Thursday, March 20, 2008

Toledo 2 - mineral, animal, vegetable

Today we took a high speed train to a medieval city. OK, it wasn't the AVE (Alta Velocidad) but it was definitely pointy and shiny, and got us from Madrid to Toledo in half an hour.
Then we caught the No. 22 bus outside the railway station, at €1.80 for the two of us. If it had been a roasting hot day, I might have gone for the plush coach in the station forecourt, at €2.50 each, which I presume provides a mini-tour. On our 10-minute bus ride, we had the old city - the Casco Viejo - rising on our left, the Rio Tajo (River Tagus) on our right, and beyond the river, the modern city of Toledo spread across the plain and up and between the hills.

Hills. I was glad we were wearing comfortable shoes, and had left the fat guidebook at home. The old city is no urban sprawl, nor are its roads clogged with traffic, so although there is much to see, you can take your time visiting the churches and synagogues, the cafes and restaurants, the marzipan shops and the souvenir shops, as you wander up and down, and up...... and down........ and up....... and down the streets and alleys of this fascinating place. There's even a MacDonalds for emergencies.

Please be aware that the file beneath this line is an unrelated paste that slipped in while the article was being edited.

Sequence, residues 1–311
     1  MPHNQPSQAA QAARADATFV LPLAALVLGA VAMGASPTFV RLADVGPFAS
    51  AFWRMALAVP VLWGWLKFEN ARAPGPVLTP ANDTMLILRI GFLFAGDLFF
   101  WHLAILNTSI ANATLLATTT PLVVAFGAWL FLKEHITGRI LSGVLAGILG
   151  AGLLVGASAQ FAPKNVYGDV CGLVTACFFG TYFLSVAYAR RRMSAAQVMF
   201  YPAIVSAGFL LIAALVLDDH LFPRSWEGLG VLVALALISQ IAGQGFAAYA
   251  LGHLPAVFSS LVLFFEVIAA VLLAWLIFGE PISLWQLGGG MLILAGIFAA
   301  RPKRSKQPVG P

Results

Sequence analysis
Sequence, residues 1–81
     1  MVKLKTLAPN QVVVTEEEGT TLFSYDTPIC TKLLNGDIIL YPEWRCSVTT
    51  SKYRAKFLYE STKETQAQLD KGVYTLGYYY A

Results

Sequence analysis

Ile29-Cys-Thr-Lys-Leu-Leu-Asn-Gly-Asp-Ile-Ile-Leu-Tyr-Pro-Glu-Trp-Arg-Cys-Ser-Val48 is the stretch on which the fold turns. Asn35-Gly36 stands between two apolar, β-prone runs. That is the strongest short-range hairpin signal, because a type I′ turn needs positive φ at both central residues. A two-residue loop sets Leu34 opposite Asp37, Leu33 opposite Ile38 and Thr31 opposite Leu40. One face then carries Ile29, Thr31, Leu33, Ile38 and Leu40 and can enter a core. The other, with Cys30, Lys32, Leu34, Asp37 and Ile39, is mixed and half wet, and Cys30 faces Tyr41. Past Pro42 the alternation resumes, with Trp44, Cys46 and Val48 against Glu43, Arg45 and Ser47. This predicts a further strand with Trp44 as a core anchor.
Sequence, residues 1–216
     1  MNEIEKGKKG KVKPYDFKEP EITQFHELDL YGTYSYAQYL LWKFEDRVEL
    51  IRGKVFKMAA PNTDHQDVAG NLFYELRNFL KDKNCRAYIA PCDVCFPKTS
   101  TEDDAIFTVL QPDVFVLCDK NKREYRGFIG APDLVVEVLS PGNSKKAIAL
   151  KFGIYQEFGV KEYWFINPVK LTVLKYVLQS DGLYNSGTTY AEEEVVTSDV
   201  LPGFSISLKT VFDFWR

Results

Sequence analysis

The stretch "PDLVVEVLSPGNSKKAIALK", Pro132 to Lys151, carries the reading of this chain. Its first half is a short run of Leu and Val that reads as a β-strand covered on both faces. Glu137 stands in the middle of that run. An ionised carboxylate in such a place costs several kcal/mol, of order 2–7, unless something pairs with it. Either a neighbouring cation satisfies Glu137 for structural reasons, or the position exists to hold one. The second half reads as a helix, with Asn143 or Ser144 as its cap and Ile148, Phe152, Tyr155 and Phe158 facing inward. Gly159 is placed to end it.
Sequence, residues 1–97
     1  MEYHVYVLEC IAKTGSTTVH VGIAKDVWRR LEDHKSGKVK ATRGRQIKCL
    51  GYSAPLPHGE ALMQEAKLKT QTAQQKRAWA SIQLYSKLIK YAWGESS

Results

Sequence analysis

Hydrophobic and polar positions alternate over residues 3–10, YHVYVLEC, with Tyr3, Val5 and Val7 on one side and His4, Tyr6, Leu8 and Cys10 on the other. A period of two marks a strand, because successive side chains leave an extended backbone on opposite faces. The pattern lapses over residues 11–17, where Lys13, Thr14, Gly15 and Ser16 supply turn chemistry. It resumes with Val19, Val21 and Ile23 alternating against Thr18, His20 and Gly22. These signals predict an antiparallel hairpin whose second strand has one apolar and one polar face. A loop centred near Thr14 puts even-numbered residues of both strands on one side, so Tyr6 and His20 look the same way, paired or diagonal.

I can't remember whether it's Toledo or Sevilla that's known as 'the frying pan of Spain', but the narrow lanes and tree-filled plazas suggest that shade is quite important here! We enjoyed the sun and shade on our springtime day out.

The guidebooks cite two 'must see' buildings in Toledo: the Alcazar, and the Cathedral.

Actually, it would be difficult to miss the imposing Alcazar with its four elegant turrets, but unfortunately, you can't go inside at the moment, because it is in the process of being turned into an army museum.

However, you can walk round the outside. The bus has one stop only, in Plaza Zocodover, the old souk; and the Alcazabar - everything, in fact - is just up the road. At 10 a.m. the street, Cuesta de Carlos V, was cool, and the facade rather glum and unappealing (medieval Barclays Bank just across the road!), but round the corner there's a plaza overlooking a small park, the river, and the Academia de Infantería. and if you keep going round, you find this turret, perched incongruously on the fourth corner,